Tuesday, January 17, 2012

To The Birthday Wallers

Ima go a bit off topic today. That is, this is a personal musing, and only tangentially related to writing or my books. Not that I expect anyone will have a problem with this, just figured I'd preface it. As an author, I enjoy a good preface. Not as cool as a preamble, but those are a bit classy for me.

Anyway, today is my birthday. *Confetti*

I've found there are two schools of thought about birthdays. There are the folks that think it should be a special day and want to throw you a party. Then, there are the folks that treat them pretty much like every other other day (with perhaps some well wishes). Unfortunately, I'm a member of the latter, even including my own day.

Maybe it's sad, but I don't really feel any different on my birthday. Perhaps a bit older, but after you gain the ability to legally drink (21 is a big age in the US. Not sure how other folks might feel) there's not a whole lot to look forward to. I passed the "rental car milestone" a couple years ago. Its uphill until 40. Then, what? Senior discount age? Woo boy.

That's really depressing, isn't it? My apologies. Birthdays can be great fun, and I don't mean to to be so blue. I actually wish I were more like the first group, but it's something I never really could convince myself of. Don't get me wrong, when it's your birthday, I'll totally throw a few back with you. I'll even buy the beer. Then again, I'd probably buy you a beer today if you asked nicely. I'm that kind of guy. (Plus, you know, buying beer is still pretty cool... see the aforementioned 21 y/o milestone.)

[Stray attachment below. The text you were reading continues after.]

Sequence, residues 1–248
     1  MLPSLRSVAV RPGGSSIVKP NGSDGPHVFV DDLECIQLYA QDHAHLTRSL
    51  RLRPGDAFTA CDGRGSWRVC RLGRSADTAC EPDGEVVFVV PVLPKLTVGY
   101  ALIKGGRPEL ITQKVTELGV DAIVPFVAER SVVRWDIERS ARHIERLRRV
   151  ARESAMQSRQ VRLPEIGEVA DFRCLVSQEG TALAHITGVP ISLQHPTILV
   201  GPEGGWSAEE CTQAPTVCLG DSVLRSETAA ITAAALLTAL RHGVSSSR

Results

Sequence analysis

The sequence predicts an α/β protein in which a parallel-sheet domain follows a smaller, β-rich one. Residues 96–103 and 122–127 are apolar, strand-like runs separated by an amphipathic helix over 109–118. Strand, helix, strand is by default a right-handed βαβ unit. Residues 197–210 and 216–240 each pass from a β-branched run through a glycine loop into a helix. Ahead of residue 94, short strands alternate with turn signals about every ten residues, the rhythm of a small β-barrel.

One of the newer traditions I've noticed is what I'll call the Birthday Wall. It happens on Facebook. People you may not have even met somehow are alerted to your day, and magically show up on your wall, wishing you a swell aging process. Don't ask me how this happens. I'm guessing a lot of these people are of the "special day" group. It's important, then, that they stop by and throw out a greeting. And it does make me smile. Who doesn't like being wished well? So mischief managed, you Birthday Wallers, you. I appreciate the thought, no matter how brief.

Yet, the cynical part of me wants to be a bit uncouth. Before you judge, though, follow my logic. I dislike my day job. We don't really get along. I'm rapidly discovering I'm not a day job kind of guy. It's part of my drive behind this whole writing gig. 9-5 just rubs me wrong. I work in fits and starts. Creative bursts of energy. Not steadily over 8 hours. (Incidentally, if/when I make it to a point where I can drop the day job, I still plan to try to spend 8 hours a day on my writing career. I already treat it like a second job, logging hours daily... but I'm much better at harnessing my own finicky productive time than any manager could ever hope to be.)

Point being, when it's your birthday, people often ask what you want, sometimes without any intent of actually getting it for you. (Like, if I said I wanted a golden toilet seat, I'd hope no one is going to shell out for that... it's silly, and not worth it.) What I really want, though, is to not do this day job thingy. Actually, I'm taking tomorrow off as a gift to myself (tomorrow worked out better).